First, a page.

Shutterfly.com versus Snapfish.com — The Race For Holiday Shoppers Heats Up

I recently created my first photo book online as a holiday gift. Judging by the slow speed of the site I was on, I wasn’t alone! In fact, traffic to photo service sites Kodak Gallery, Shutterfly, Snapfish and MyPublisher each rose in November. Snapfish experienced the biggest gain with a whopping 40% increase to a record 4.725 million people. And, only Snapfish enjoyed a year-over-year increase in traffic (up 25.7% from last November).

What made Snapfish so popular, particularly against its close rival Shutterfly? A quick look at the top referring sites to Shutterfly and Snapfish provided a big hint.

  • Nearly 4% of all traffic referred to Snapfish.com in November came from Oprah.com, a 29,475 percent increase in referral share from the prior month.
  • A quick check revealed that Oprah announced a credit for her viewers to receive a free 20 page 8×11 custom photo book through Snapfish.com during November (using an online coupon)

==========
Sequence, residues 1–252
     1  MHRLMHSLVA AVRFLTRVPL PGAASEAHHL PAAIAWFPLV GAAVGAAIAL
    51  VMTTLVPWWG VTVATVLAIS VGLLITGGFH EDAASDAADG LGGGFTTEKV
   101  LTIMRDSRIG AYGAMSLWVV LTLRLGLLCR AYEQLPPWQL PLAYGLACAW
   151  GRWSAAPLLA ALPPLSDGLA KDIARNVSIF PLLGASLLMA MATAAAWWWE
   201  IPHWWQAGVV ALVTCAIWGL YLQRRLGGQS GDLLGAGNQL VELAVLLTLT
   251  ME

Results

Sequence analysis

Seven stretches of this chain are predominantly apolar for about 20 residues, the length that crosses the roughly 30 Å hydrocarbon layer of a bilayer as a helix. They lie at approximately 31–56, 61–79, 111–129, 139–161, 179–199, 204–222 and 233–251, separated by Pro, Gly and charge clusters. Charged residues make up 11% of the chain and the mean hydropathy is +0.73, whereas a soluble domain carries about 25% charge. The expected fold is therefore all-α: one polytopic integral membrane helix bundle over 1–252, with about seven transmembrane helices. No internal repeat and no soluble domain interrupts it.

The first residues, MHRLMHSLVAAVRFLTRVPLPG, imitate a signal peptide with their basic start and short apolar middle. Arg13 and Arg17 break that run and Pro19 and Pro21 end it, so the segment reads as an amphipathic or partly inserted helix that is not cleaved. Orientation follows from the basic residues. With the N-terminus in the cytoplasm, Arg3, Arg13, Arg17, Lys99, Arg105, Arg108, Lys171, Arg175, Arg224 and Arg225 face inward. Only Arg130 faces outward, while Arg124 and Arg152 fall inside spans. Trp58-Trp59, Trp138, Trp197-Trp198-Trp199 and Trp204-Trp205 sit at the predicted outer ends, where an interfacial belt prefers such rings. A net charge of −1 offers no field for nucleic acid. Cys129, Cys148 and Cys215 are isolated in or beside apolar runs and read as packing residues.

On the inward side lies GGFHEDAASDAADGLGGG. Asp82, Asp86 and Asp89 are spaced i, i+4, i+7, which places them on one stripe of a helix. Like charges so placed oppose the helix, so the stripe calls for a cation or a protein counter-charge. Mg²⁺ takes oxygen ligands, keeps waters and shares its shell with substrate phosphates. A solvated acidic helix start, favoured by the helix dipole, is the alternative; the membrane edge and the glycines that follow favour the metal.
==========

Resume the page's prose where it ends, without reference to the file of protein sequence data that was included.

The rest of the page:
• In all, Snapfish.com had the advantage compared with Shutterfly.com in 9 of the top 15 referring sites

So, what’s next for these rivals in competing for consumers’ attention this holiday season? Consider this:

Snapfish: Focus on retention and greater share of wallet. The Oprah promotion clearly drove viewers to Snapfish. The question now is, will they return to make other paid purchases? And, can Snapfish convert these Oprah viewers into loyal customers? Watch to see if November’s surge in traffic is a one-time windfall or is sustained. If the site’s Daily Reach is a harbinger, it may signal that the hard work is just beginning.

Shutterfly: Evaluate your paid search program. Shutterfly received an average 32% of its search engine referrals from paid ads compared with Snapfish’s 25%. On the one hand, Shutterfly has 9% more overall search referrals than its rival to show for its spending. And non-branded search terms "photo book" and "photo cards" are among the top 10 keywords driving traffic to Shutterfly. But overall traffic still lags Snapfish. And, what do these searchers do when they get to the site? How does this compare with what happens at Snapfish? Are searchers more or less likely to purchase online compared to rivals? Benchmarking against competitors could provide valuable competitive information.